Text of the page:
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5 Tips for Feeling the Music When You Sing

by | Sep 24, 2018 | Voice

1.

Think About the Emotion You Want to Project

What does this song mean to you? It doesn’t have to be the same thing the song meant to someone else. When you listen to John Denver’s version of “Leaving on a Jet Plane” you get the idea that he was sad to leave his significant other but felt optimistic that they’d one day be together permanently. When you listen to Chantal Kreviazuk’s version, it really feels like this is all self-talk and that part of her knows this relationship is doomed. Almost the exact same words, totally different emotion. What does your song mean to you, and what do you want to convey to your listeners? There isn’t necessarily a right or wrong here (although there are better and worse acting choices). The main thing is that you know what you’re singing about and how it makes you feel.

2.

Find a Connection to the Song

You don’t have to have experienced the exact content of your song to implement this. Your boyfriend may have never broken up with you like he did in the song, but I bet that if you reach back you can connect to heartache, whether that was being rejected by a friend, losing a pet, being laughed at, or saying goodbye to a parent. You don’t have to be ready to get married like you are in the song to know what joy, anticipation, and excitement feel like. If nothing else, use the beauty of the song itself to tug at those proverbial heartstrings. Chances are, unless you’re being made to sing it for something, you picked it because it grabs you on some level. Does it make you feel joyful? Melancholy? Strong? Whatever its effect on you, let that trickle into your performance.

3.

Learn the Tropes of Your Genre

“But what does genre have to do with feeling?” you ask. Feeling should transcend style! But it doesn’t. Each genre has its own unique way of conveying emotion. In pop music, you might use extreme breathiness to suggest vulnerability. This would sound absurd if you tried to sing opera that way, and yet opera isn’t devoid of emotion. In opera, you might go into a relatively soft head voice without quite as much squillo (that ring that helps your voice carry) as you’d use in a bigger part of an aria. In pop, you might use a belt for a rise in intensity. In opera, if you’re female at least, this would be the moment you hit that high note in your fullest head voice. Using stylistic options that don’t correspond to your genre feels incongruous to your audience and (even if it’s felt genuinely by the artist) will have a tendency of coming off as slightly absurd and inauthentic to your listeners. Just imagine a pop star wailing the sad part of the song in an operatic head voice.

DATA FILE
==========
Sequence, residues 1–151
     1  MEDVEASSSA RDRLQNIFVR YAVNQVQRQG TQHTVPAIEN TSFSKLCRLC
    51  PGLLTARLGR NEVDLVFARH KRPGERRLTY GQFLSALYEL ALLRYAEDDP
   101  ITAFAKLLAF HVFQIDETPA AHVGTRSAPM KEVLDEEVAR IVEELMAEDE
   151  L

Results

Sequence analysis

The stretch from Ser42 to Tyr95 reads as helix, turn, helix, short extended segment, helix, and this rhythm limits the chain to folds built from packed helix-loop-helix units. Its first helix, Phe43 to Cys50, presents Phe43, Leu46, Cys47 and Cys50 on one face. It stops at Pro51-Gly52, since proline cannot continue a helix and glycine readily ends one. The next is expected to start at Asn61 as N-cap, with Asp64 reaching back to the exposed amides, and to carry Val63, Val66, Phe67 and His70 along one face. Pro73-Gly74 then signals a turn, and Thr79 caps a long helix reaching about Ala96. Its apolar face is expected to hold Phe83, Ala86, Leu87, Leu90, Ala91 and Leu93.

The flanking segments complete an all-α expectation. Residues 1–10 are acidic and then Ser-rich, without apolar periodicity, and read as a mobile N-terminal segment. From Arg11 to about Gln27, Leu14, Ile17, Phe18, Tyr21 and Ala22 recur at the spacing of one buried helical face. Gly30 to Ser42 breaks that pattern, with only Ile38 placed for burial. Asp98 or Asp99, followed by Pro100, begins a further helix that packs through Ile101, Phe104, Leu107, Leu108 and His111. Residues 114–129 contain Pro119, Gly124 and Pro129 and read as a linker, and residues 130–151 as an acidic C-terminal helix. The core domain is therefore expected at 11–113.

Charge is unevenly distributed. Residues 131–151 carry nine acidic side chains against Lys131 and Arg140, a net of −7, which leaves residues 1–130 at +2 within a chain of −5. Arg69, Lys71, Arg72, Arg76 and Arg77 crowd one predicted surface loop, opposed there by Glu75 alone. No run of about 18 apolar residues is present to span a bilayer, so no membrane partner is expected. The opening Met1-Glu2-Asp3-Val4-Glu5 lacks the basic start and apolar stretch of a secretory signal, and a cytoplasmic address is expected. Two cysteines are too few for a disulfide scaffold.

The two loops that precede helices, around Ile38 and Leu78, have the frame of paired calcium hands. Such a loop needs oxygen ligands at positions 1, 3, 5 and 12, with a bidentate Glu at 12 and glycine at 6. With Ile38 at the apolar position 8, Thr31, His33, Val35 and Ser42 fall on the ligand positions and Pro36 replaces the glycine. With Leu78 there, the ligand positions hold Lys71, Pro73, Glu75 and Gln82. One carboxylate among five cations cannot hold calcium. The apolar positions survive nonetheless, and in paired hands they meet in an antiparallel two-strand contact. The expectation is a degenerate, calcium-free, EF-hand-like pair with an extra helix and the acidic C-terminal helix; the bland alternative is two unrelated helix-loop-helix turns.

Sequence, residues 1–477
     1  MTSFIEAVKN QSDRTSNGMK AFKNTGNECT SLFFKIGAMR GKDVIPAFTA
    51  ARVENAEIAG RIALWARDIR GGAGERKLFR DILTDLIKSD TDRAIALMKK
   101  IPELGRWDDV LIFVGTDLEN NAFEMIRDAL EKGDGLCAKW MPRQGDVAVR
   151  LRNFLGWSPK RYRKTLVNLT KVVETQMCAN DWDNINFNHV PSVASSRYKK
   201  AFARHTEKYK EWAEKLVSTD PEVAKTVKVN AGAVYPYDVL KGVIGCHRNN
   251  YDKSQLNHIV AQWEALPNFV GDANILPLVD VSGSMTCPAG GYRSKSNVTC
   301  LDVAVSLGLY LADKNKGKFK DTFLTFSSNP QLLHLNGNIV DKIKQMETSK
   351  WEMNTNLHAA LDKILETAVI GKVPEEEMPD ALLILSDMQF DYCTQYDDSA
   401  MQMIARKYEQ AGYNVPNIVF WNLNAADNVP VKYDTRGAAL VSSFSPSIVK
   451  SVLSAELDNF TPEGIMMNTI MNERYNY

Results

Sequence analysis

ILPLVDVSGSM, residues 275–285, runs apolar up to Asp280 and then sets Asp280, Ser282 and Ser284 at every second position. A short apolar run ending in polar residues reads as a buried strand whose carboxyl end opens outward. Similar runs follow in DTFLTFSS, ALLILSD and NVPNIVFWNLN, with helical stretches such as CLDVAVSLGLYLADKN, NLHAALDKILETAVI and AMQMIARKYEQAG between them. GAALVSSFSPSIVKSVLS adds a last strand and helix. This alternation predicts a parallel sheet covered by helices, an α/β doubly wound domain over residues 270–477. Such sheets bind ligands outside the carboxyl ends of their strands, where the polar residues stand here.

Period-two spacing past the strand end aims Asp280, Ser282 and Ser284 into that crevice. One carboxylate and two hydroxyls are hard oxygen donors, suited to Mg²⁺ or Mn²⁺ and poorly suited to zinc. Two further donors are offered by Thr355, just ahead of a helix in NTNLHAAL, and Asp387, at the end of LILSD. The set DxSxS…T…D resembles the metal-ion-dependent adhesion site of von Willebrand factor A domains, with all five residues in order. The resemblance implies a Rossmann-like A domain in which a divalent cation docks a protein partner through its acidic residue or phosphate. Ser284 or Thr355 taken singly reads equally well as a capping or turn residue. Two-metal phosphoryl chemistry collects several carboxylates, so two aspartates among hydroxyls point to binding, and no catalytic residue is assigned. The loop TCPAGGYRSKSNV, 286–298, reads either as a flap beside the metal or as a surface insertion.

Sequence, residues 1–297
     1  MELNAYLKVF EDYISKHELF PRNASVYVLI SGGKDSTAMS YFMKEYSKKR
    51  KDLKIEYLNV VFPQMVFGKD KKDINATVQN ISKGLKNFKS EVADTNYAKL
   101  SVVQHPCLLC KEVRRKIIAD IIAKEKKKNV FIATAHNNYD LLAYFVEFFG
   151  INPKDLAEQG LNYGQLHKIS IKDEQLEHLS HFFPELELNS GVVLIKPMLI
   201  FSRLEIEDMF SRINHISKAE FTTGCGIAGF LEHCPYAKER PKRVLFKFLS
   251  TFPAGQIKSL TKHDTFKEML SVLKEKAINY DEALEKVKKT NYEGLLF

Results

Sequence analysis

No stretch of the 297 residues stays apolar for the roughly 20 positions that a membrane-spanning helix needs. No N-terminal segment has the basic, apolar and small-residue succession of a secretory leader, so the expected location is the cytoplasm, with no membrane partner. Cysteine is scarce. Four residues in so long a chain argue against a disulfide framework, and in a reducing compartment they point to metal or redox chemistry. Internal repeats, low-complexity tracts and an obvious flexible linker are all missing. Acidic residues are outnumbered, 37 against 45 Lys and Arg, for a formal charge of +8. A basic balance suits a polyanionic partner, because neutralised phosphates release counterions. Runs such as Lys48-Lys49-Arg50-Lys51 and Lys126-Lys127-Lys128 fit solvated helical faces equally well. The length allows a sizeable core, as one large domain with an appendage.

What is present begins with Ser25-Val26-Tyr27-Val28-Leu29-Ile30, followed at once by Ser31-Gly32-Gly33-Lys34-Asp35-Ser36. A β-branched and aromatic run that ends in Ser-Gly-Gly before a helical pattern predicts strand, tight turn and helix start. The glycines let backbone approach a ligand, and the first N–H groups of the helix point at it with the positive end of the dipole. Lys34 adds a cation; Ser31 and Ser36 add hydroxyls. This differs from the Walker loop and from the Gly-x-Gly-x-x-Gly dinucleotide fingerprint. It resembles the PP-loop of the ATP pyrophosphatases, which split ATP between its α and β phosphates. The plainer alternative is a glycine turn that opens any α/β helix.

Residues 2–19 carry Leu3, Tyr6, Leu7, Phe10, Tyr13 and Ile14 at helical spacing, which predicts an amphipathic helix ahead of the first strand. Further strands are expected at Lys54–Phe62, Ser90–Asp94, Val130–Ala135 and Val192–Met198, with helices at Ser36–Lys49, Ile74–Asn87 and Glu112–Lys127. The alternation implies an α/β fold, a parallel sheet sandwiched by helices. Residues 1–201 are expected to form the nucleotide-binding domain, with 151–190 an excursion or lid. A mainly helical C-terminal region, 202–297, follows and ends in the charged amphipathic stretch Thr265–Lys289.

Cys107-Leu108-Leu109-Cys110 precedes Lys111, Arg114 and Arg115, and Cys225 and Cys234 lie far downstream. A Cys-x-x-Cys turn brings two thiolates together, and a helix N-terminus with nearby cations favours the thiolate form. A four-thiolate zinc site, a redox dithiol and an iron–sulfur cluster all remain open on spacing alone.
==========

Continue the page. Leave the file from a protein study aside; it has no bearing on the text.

I’ll use myself as an example. I was trained in musical theatre singing as a child, so when I’m not concentrating on technique, that’s where my voice wants to go. I can dump every ounce of my emotion into an Adele song, but what’ll come out is a very trained musical theatre sound that comes off as inauthentic in that context. Ironically, when I’m focusing a little less on emotion and concentrating on the tropes of a pop song, my performance comes off as more authentic and convincing.

4.

Think About the Emotion You Want to Project

If you want to think about the song’s emotional content as a whole, you can do it that way, but in many instances it’ll be more effective if you break the song down. What does the verse tell us? What about the chorus? Maybe the first 3 lines of the song are about vulnerability but that 4th line is where the strength comes in. Then make some stylistic choices based on that. If it’s a pop song, maybe you want to go breathy for the first 3 lines and then add some more tone in the 4th line. Maybe the chorus is where your excitement comes to a pitch, and that’s where belting makes the most sense. If it’s an operatic piece, maybe it starts out in a soft classical-sounding wail and then builds to a fuller-voiced sound in that 4th line. Maybe the intensity continues to rise, and you express your most joyful section with a sustained, rounded head voice.

5.

Knowing Your Genre Well Doesn’t Mean Straight-Up Copying Everyone Else’s Performance

You’ll usually start to come off as inauthentic if you just imitate stylistic elements without having some emotional platform the elements can spring from. If you’re using breathiness as a tool to convey fragility, vulnerability, or brokenness, it may work very well. If you’re using breathiness constantly because you’ve heard everyone else in the genre do it, it’ll probably be fairly dull. If you’re belting and doing heavily ornamented runs on the biggest part of Beyonce’s “Listen” because that’s the moment you’ve been emotionally building toward, this will play nicely. If you’re just belting the whole song and throwing in vocal acrobatics it’ll likely fall pretty flat and just feel wearing to listen to.

Remember! There isn’t a linear progression between emotion, technique, and style. The 3 feed off each other in multiple directions. Know your genre, master your technique, and find some feeling for what you’re singing. Expression is the whole point of the game.

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